The six “my disciple” statements from Jesus are found in four main passages in the New Testament. One is in Luke’s Gospel (Luke 14:25-33) and the other three are in John’s Gospel (John 8:31; 13:35; 15:8). These four passages present four main characteristics that every disciple of Jesus will manifest in their life to some degree or another.
One of the things you’ll notice about these four things is that they are characteristics more than they are behaviors. You might think of them as postures of the heart.
They are not activities that a disciple does every now and then but rather dispositions in which every disciple lives.
When I saw my friend in East Asia draw these four things out on a napkin I felt like it was a special gift from the Lord. Have you ever had one of those moments?
I had read so many books on discipleship leading up to that trip. It seemed like so much of what I had read only served to further complicate discipleship instead of simplifying it.
Where was the simple, biblical, easily reproducible vision of discipleship that could help us create a movement of multiplication in our church? To be honest, I had almost given up hope.
My problem is that I was looking to the experts for a discipleship pathway when I should have just been looking to the Scripture itself.
That’s what I love most about the four things that I’m about to show you. They’re not from some discipleship expert doing cutting-edge ministry in the 21st Century. They come straight from the lips of the greatest discipleship expert who ever lived: Jesus of Nazareth.
They’re simple, biblical, and reproducible.
In the past, when I had read books about discipleship and disciple-making the definition of discipleship always seemed to revolve around certain behaviors. It was almost like a top ten list.
The behaviors pointed to spiritual disciplines such as reading the Bible, praying, giving your tithe, sharing your faith and things of that nature.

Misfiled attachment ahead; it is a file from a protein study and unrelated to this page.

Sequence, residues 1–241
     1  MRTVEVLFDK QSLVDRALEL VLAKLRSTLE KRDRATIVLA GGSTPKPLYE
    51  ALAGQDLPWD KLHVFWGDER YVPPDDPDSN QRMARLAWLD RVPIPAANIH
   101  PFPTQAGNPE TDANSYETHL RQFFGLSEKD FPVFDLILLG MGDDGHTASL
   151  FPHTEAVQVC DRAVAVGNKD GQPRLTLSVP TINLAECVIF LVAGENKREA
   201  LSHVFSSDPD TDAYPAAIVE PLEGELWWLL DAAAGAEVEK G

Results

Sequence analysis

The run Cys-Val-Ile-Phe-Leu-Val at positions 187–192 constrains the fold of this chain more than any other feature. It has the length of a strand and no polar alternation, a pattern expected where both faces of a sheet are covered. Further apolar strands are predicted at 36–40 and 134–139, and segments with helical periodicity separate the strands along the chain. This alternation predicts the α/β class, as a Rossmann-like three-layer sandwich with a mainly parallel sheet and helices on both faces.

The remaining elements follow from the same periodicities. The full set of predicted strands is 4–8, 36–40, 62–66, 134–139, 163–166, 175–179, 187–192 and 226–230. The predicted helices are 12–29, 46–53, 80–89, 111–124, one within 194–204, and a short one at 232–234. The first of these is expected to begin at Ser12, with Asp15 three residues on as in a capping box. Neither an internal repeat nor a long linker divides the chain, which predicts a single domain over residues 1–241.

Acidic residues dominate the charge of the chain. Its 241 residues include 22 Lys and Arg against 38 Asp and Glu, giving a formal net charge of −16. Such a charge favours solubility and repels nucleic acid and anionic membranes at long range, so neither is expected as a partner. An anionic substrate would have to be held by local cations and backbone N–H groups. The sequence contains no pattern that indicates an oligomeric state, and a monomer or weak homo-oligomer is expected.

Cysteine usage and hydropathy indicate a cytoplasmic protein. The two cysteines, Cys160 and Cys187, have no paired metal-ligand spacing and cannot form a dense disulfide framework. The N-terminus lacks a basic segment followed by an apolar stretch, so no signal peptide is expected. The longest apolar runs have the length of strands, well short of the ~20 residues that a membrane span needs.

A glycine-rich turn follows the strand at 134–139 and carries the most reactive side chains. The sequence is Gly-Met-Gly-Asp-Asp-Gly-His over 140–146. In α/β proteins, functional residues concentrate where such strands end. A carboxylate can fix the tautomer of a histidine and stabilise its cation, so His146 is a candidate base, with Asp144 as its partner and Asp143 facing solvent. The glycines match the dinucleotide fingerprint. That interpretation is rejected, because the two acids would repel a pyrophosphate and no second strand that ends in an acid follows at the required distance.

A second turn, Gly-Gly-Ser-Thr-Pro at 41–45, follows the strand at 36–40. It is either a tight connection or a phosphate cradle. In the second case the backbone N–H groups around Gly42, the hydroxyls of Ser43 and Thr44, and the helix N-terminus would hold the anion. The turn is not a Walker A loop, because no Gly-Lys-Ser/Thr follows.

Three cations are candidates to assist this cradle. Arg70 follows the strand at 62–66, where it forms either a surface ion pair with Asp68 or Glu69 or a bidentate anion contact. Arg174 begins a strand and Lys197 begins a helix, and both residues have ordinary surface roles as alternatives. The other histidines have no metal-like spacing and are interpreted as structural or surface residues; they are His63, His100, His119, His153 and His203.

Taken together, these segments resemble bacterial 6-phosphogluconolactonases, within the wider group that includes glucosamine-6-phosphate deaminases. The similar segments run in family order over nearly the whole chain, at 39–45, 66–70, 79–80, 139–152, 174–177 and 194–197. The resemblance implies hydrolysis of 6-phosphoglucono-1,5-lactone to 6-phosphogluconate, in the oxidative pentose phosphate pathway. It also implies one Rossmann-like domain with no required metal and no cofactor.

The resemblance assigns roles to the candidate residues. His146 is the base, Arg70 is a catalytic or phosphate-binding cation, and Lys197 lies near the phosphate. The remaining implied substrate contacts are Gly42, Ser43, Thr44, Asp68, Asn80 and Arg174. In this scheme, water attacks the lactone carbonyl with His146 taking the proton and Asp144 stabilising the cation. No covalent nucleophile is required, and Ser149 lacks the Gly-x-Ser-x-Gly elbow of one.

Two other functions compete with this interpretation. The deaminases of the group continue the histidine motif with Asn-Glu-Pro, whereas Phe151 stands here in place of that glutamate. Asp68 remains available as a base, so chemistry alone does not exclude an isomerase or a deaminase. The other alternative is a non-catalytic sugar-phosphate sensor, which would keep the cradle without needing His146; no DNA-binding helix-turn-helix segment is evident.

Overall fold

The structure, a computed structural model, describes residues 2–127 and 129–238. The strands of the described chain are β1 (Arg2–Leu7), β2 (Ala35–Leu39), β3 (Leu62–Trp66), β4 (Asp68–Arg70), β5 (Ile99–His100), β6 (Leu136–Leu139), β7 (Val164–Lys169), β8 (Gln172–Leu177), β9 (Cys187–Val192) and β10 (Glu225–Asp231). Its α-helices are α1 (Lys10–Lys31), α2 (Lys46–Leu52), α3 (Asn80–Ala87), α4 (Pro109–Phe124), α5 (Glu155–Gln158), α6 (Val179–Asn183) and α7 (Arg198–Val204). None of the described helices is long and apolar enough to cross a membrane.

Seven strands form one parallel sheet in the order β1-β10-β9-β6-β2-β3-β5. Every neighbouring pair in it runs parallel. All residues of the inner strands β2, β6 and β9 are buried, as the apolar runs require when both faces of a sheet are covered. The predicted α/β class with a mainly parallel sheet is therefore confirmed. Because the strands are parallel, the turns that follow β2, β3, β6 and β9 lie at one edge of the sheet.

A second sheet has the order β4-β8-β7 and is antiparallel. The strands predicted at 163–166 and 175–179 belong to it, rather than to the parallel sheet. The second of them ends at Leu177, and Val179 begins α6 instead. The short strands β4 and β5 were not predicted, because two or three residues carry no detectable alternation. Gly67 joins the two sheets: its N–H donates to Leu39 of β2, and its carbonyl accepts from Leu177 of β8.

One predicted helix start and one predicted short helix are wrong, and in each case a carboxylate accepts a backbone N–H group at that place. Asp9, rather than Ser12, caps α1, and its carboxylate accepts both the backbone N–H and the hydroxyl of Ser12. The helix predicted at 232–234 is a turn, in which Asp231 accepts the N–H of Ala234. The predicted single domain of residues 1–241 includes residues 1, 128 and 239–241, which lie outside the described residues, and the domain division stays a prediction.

I always though to myself, “You could be a non-believer and still do all of these things. Are these the things that really make you a disciple of Jesus?” When I saw this vision of discipleship given by Jesus it relieved that tension and pointed me in a different direction.
These four things by Jesus are not merely spiritual disciplines. They’re spiritual dispositions.
They are orientations of the heart. You cannot do these four things without also being a born-again believer.
On top of that, these four things come straight from the lips of Jesus. Isn’t it time that we embraced a vision of discipleship that didn’t come from some modern-day expert who is helping pioneer the next great thing?
I’ve got nothing against those kind of men and women. They’re a great gift to the church. But what do you tell the guy who gets dropped off in a third world country with nothing but his Bible and he hears from the Lord, “Now go and make disciples.” What would HIS discipleship plan look like?
These four things are simple but not simplistic.
According to Jesus, discipleship isn’t just a list of behaviors. It’s not 10 do’s and 20 don’ts. It’s much simpler than that.
That isn’t to say it’s simplistic. I find these four things deeply profound. These concepts certainly aren’t shallow. But they are simple. And simple is what’s necessary if they’re going to gain traction and start a movement of multiplication.
Over the next few weeks we will address each of the four things one by one. Before we delve into each passage, though, let me show you all four things right up front.
Disciples of Jesus…
- Walk by faith,
- Abide in the Word,
- Love one another,
- And bear much fruit.
These four things are not one time events. They are states of the heart. The heart walks or lives by faith. The heart loves continually. The heart abides in the Word. The heart bears much fruit.
Think of the spiritual life of a disciple as you would the physical life of a plant. If all the systems are healthy then these kind of things are being produced.
These are the meta-structures from which spiritual disciplines are derived.
These are the life systems on which the spiritual body depends.
Think of walking by faith as the muscular or skeletal system. Think of abiding in the Word as the respiratory or cardiovascular system. Think of loving one another as the nervous or immune system. Think of bearing much fruit as the reproductive system.
Like the systems in your physical body, these spiritual systems depend on and interact with one another. If the health of one system improves then the other systems will benefit. If the health of one deteriorates then the other systems will suffer as well.
The “my disciple” statements of Jesus give us a comprehensive and powerful vision of what a disciple is and how a disciple grows.
We want to filter all of the programs in our church through the lens of whether or not they’re helping people grow in these areas. In the articles that follow, we will examine each of these things on their own and then think through how they interact with one another.